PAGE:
Jack P

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Fans of "Love Boat" and "Fantasy Island" were never under any illusions as to what kinds of shows they were. They were just comfort-food junk-TV that epitomized weekend escapism (they never would have fit on any night of the week but Saturday) with lots of recognizable stars. "Love Boat" was just a seaborne version of "Love American Style" in terms of its plots so they can be excused their threadbare nature there (and give them credit for also working in many episodes filmed on actual cruises and on-location). If you didn't live through it, it's harder to connect with but if you did, it remains fun now as it did then.
 

jcroy

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Fans of "Love Boat" and "Fantasy Island" were never under any illusions as to what kinds of shows they were. They were just comfort-food junk-TV that epitomized weekend escapism (they never would have fit on any night of the week but Saturday) with lots of recognizable stars. "Love Boat" was just a seaborne version of "Love American Style" in terms of its plots so they can be excused their threadbare nature there (and give them credit for also working in many episodes filmed on actual cruises and on-location). If you didn't live through it, it's harder to connect with but if you did, it remains fun now as it did then.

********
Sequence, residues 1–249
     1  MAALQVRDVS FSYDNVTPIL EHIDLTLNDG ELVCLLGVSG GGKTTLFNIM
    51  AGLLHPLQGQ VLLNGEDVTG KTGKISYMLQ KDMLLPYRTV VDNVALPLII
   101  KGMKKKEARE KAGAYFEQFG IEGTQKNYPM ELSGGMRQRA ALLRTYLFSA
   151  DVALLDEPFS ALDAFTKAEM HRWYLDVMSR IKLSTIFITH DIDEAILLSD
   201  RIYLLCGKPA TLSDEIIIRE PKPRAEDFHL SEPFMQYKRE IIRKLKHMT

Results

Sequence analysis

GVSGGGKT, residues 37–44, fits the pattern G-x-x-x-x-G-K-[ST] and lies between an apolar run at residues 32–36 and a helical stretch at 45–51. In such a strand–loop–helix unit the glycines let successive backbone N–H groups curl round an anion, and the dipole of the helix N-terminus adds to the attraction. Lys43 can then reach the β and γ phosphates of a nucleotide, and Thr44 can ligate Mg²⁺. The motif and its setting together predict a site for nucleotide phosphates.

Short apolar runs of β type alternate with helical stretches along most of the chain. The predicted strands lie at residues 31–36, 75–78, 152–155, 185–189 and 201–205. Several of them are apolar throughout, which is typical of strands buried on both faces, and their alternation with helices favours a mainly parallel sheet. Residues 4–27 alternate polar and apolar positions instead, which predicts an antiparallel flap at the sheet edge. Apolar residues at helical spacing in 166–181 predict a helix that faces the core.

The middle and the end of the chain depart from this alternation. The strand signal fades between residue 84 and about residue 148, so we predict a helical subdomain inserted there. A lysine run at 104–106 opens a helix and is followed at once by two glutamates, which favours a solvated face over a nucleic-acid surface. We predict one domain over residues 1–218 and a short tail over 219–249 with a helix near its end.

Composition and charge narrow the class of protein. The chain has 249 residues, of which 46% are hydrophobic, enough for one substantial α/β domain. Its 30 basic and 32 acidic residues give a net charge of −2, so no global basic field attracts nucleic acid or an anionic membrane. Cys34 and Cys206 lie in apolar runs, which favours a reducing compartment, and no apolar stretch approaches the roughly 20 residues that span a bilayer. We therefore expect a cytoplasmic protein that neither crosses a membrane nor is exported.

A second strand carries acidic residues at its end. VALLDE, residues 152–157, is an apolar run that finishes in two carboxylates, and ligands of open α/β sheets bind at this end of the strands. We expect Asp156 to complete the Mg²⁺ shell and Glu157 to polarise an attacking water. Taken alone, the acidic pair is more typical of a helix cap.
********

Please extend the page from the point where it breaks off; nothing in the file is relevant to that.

For the most part, I agree.

(What I'm about to say may be offensive to individuals who consider tv shows and movies to be "serious business".)


In a more general sense, I largely consider tv shows and movies to be escapism of the "junk food" variety. I never expect anything I see on tv shows, to be anything related to the real world (other than by sheer coincidence). It is something where I can turn my brain off, and not have to think intensively.

Unless a show/movie hires specific experts for consultation, I generally don't expect the producers/writers of shows/movies to get everything right. This is especially noticable in scifi type stuff.


On the other side of the coin for "serious" type stuff, the last place I look are movies and tv shows (including documentaries). I usually read non-fiction books and sometimes research papers for stuff which requires some intensive thinking.
 
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ClassicTVMan1981X

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If The Love Boat was shown in its original 1-hour form (plus the occasional 90-minute specials) in syndication and successful at that... why not Love, American Style? I think the fatal error regarding Love, American Style was putting the first two seasons in half-hour daytime reruns too early (on September 6, 1971, just 11 days before the 3rd season kicked off).

~Ben
 
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bmasters9